According to the Oregon Department of Agriculture, greenhouse and nursery crops are Oregon’s #1 agricultural commodity, using over 50,000 acres of agricultural land. Of these greenhouse and nursery crops, container grown plants are the highest selling crop with the greatest gains, increasing 12% from 2005 to 2006. Forty-four percent of nursery product sales come from container products.
The majority of container growers use predominantly organic substrates amended with controlled release fertilizers to maximize plant growth. This results in available nutrients for plant uptake that are also susceptible to leaching and runoff. Nutrient availability from controlled release fertilizers is directly linked to temperature. Increased temperature results in increased nutrient release. A popular perception is that with cooler temperatures, little or no nutrients are released from controlled release fertilizers and that water can leave the nursery site without degrading off-site water quality. However, current research in the southeast and California has shown that controlled release fertilizers continue to release nutrients throughout the winter months when average temperatures are above 40°F. Therefore, container leachates may contain high nutrient concentrations exceeding maximum contamination concentration and daily load standards established by the United States Environmental Protection Agency.
In order to assess the potential environmental impact of fertilizer leaching in container nurseries through the winter season, Dr. Jim Owen and Heather Stoven, in cooperation with USDA-ARS, are currently conducting research at the Oregon State University North Willamette Research and Extension Center in Aurora, OR. A runoff pad was constructed that allows for the collection of leachate from replicated simulated container nurseries. The runoff from the container facility is collected in tanks from which samples are collected and analyzed for macro and micro-nutrient mineral nutrient content. Ambient weather data along with soilless substrate temperature are being collected to measure the relationship between temperature and fertilizer release. At the end of this winter the plants, substrate, and remaining controlled release fertilizer will be harvested and analyzed to determine mineral nutrient budgets that will account for plant nutrient uptake, substrate nutrient retention, fertilizer release, and ultimately runoff nutrient content and concentration.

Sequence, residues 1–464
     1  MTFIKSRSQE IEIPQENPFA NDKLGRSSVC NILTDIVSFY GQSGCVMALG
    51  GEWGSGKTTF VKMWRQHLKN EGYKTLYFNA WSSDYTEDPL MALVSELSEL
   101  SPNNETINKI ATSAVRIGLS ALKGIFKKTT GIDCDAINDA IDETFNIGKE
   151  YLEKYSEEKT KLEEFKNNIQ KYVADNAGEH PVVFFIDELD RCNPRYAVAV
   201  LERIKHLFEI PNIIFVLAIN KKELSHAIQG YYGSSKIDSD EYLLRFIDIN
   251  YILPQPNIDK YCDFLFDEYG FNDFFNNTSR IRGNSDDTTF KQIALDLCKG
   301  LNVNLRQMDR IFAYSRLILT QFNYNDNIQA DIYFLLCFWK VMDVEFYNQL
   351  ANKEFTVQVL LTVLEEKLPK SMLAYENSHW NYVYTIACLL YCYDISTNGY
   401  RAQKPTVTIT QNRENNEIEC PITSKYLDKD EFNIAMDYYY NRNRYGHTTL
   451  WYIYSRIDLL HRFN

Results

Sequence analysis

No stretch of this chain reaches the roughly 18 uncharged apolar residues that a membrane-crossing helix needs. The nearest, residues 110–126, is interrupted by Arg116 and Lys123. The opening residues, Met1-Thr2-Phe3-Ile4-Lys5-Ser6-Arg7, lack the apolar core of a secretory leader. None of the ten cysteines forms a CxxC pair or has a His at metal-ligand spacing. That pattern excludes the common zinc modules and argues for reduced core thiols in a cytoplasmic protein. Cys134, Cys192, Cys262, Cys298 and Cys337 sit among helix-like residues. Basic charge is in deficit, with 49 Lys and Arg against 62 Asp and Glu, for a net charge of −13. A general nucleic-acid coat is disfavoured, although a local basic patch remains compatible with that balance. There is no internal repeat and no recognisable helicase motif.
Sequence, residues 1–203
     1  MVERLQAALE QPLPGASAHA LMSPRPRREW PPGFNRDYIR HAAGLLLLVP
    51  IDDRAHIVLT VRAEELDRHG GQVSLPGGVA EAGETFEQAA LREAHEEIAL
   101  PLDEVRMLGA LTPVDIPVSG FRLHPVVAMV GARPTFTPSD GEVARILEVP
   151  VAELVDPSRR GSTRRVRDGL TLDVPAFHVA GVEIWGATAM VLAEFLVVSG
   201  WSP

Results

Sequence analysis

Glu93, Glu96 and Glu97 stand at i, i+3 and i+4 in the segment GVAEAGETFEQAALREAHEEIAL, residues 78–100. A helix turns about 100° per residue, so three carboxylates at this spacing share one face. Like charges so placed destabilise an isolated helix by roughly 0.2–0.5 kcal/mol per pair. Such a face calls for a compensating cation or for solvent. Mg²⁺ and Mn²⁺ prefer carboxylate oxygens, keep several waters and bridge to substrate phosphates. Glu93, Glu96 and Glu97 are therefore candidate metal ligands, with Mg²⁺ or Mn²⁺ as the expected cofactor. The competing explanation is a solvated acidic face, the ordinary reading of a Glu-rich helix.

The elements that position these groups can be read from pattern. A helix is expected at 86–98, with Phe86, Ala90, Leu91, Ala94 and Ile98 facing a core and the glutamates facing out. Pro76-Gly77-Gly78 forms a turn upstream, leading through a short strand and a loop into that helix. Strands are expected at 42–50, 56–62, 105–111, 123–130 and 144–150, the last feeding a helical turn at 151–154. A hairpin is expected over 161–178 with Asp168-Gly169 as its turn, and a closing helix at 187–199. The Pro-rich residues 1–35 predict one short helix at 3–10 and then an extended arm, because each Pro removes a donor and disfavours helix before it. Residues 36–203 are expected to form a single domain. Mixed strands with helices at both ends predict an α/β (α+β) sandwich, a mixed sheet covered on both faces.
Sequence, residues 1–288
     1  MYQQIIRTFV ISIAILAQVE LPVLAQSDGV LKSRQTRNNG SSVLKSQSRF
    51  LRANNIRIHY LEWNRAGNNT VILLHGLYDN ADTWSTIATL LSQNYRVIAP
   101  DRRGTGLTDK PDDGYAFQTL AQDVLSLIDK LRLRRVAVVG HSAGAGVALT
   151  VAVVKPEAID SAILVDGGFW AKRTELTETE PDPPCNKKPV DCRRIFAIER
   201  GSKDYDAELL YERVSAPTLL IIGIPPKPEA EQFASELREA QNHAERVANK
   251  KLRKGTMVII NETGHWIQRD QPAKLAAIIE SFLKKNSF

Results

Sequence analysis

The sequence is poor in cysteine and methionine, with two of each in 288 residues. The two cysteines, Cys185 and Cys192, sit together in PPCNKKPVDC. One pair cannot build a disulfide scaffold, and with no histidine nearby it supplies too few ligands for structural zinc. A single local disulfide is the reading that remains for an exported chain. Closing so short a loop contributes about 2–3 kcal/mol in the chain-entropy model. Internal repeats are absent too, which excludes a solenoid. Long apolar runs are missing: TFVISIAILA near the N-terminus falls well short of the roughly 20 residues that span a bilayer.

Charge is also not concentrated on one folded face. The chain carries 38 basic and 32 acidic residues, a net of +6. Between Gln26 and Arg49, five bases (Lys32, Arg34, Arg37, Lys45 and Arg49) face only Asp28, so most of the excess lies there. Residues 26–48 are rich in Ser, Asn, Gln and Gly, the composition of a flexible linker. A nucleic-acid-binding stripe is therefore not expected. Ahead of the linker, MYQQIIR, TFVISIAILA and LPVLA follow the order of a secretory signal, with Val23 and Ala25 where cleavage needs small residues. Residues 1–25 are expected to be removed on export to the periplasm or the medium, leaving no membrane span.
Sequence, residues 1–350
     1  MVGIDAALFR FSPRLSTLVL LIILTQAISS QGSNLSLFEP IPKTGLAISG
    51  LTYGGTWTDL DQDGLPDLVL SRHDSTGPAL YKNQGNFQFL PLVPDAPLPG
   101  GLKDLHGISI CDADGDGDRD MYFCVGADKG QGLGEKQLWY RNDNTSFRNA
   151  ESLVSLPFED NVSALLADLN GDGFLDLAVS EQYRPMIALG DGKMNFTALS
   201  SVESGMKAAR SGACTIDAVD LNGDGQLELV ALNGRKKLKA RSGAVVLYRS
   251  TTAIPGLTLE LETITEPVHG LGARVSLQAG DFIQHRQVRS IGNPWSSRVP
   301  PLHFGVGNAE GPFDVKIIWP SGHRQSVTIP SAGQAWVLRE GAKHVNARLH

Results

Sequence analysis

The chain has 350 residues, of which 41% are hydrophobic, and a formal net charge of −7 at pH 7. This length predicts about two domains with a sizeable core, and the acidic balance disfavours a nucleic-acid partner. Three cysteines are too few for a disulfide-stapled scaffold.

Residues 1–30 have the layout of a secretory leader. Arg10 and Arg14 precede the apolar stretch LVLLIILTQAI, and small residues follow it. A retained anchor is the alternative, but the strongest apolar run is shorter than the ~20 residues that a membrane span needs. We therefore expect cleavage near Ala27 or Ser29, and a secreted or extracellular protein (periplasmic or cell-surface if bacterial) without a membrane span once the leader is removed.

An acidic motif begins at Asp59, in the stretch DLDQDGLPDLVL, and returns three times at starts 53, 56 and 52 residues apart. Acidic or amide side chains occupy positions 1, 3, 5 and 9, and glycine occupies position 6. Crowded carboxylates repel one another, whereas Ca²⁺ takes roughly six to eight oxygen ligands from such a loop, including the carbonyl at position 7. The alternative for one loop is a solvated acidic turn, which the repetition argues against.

This study will allow nurseries to assess their environmental impact in terms of water quality. Also, new information will be available to growers about plant mineral nutrient uptake and release of fertilizer during winter months in the Pacific Northwest. The information may lead to greater use efficiency for commonly used controlled release fertilizers.